“Railroads consistently said that they were willing to reach a deal within the value of the compromise framework crafted by the PEB’s neutral arbitrators,” Brendan Branon, the chairman of the National Railway Labor Conference, said in a statement, adding that instead, the unions kept proposing additions that increased the cost of the deal. “This was the sticking point for the railroads.”
Following Congress’ resolution of the impasse, activist investors have put forth proposals to get two of the biggest rail companies, Union Pacific and Norfolk Southern, to offer their workers paid sick leave next year.
“Union Pacific knows quality of life concerns are real, and we are working with employees to make changes,” spokesperson Robynn Tysver said in a statement Friday. “Employee feedback has driven recent strides in our attendance policy, and we are currently piloting a work-rest pilot that we hope to learn from and implement more broadly.”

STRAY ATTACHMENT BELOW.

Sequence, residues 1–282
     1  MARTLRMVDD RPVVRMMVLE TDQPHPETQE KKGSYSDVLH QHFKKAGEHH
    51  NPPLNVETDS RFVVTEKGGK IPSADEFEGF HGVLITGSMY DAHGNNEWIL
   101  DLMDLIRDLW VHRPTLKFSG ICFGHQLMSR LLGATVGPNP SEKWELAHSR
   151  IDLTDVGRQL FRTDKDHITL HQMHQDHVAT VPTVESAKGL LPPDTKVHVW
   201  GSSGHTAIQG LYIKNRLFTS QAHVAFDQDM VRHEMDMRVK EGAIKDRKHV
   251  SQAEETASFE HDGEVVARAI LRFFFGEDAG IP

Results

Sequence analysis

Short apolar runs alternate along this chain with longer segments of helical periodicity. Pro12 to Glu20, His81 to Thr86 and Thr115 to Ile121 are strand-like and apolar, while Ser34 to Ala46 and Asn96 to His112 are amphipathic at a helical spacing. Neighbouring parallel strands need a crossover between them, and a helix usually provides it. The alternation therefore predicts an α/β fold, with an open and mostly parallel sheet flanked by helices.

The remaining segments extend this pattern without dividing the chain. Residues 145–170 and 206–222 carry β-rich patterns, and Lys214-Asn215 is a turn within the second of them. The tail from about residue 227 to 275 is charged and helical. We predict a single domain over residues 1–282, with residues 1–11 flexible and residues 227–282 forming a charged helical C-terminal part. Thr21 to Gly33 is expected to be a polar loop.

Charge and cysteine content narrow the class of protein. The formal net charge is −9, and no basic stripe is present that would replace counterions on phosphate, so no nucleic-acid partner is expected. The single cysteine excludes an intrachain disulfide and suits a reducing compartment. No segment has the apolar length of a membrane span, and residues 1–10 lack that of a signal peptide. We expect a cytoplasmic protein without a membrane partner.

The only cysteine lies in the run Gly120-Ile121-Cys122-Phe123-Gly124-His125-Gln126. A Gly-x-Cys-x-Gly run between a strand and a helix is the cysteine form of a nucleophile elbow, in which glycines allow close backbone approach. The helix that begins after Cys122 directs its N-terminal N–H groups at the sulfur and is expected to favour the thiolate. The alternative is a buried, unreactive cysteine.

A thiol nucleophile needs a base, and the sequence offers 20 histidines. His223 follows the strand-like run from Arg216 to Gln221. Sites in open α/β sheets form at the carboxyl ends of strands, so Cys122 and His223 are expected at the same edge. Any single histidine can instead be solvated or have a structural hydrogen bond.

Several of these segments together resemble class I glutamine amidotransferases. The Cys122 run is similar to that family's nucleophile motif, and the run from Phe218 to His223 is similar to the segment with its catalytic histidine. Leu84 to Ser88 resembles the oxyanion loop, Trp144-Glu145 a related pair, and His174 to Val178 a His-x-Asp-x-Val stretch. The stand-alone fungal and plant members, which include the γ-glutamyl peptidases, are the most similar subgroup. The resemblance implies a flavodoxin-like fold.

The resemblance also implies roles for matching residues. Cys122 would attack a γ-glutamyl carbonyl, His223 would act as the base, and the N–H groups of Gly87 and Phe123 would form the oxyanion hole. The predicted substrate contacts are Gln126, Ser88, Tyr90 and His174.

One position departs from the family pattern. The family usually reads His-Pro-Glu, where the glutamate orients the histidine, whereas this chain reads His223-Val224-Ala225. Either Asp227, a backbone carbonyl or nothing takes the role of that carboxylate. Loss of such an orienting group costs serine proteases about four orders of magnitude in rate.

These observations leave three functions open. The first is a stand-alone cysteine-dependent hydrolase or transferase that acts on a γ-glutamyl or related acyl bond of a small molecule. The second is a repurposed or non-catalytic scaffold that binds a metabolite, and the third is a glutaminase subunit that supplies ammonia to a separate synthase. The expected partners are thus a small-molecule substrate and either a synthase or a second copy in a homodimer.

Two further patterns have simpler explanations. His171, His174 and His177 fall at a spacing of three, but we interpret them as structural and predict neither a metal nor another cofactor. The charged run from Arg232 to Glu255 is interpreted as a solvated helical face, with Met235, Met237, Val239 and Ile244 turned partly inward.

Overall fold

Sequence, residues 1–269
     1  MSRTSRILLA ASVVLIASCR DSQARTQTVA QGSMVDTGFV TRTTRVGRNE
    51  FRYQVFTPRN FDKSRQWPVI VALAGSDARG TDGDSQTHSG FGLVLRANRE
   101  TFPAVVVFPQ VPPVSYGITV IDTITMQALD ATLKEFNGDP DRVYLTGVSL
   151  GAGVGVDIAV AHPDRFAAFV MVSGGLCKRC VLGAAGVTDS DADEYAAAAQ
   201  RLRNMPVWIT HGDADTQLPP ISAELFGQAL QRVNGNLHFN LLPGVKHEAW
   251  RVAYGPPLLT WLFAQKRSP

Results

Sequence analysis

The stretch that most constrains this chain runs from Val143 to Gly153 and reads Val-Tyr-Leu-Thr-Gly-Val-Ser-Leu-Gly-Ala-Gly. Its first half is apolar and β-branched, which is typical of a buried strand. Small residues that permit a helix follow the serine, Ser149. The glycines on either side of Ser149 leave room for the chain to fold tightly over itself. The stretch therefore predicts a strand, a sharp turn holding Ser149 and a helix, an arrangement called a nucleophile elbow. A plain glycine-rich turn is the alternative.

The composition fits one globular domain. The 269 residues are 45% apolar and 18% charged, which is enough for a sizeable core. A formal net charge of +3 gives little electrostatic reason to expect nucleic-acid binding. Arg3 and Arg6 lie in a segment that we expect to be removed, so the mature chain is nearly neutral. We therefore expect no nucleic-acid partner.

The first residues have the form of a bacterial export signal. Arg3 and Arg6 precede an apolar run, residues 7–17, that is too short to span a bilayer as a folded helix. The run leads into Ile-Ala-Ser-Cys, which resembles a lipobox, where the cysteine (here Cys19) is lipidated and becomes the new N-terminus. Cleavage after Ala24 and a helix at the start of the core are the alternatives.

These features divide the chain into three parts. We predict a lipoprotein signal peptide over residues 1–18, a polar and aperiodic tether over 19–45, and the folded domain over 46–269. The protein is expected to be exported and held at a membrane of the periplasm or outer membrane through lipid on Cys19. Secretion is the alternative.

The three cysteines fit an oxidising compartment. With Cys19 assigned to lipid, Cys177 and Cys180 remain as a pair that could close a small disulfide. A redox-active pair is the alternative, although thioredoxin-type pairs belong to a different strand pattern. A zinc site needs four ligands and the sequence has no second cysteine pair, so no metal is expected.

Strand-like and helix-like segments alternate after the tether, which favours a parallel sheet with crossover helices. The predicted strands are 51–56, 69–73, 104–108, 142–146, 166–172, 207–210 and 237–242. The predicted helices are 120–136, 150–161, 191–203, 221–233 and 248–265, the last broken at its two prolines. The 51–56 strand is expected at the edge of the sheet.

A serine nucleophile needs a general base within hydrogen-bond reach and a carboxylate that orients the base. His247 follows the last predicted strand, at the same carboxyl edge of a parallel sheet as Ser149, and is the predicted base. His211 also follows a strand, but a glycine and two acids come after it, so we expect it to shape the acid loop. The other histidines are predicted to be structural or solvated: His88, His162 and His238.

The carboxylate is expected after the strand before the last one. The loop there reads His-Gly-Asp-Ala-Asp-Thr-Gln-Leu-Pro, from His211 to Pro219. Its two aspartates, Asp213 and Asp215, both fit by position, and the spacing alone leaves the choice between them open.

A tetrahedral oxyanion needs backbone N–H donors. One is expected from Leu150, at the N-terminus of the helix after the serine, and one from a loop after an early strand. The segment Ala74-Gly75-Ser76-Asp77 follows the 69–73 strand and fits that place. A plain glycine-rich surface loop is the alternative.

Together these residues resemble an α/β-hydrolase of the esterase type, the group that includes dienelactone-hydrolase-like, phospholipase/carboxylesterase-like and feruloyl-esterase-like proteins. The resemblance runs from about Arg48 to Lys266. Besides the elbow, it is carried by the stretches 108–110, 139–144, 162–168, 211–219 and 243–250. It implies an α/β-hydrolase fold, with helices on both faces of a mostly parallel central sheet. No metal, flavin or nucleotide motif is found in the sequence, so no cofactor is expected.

A Norfolk Southern spokesman declined to comment on the investor proposal.
In contract negotiations at Delta, the company recently agreed to increase maternity leave benefits to 10 weeks and offer two weeks of parental leave after pilots had voted earlier to authorize a strike.
“We are pleased to have reached an agreement in principle for a new pilot contract, one that recognizes the contributions of our pilots to Delta’s success,” company spokesman Benjamin P. Zhang said in a statement. “We appreciate the work of the negotiating teams and the mediator in reaching this agreement in principle.”
Other unions are paying attention to these fights — and gearing up to make sick leave a major part of their negotiations.
Brian Pollitt, president of the Transport Workers Union Local 234, the largest union in the Southeastern Pennsylvania Transportation Authority (SEPTA), said he expected the issue to be one of its priorities in a new contract next year.
“We’re middle-class people,” he said. “Some of us can’t afford to miss a day.”
SEPTA spokesman Andrew Busch said that negotiations were expected to start early next year in advance of an October deadline but declined to comment further.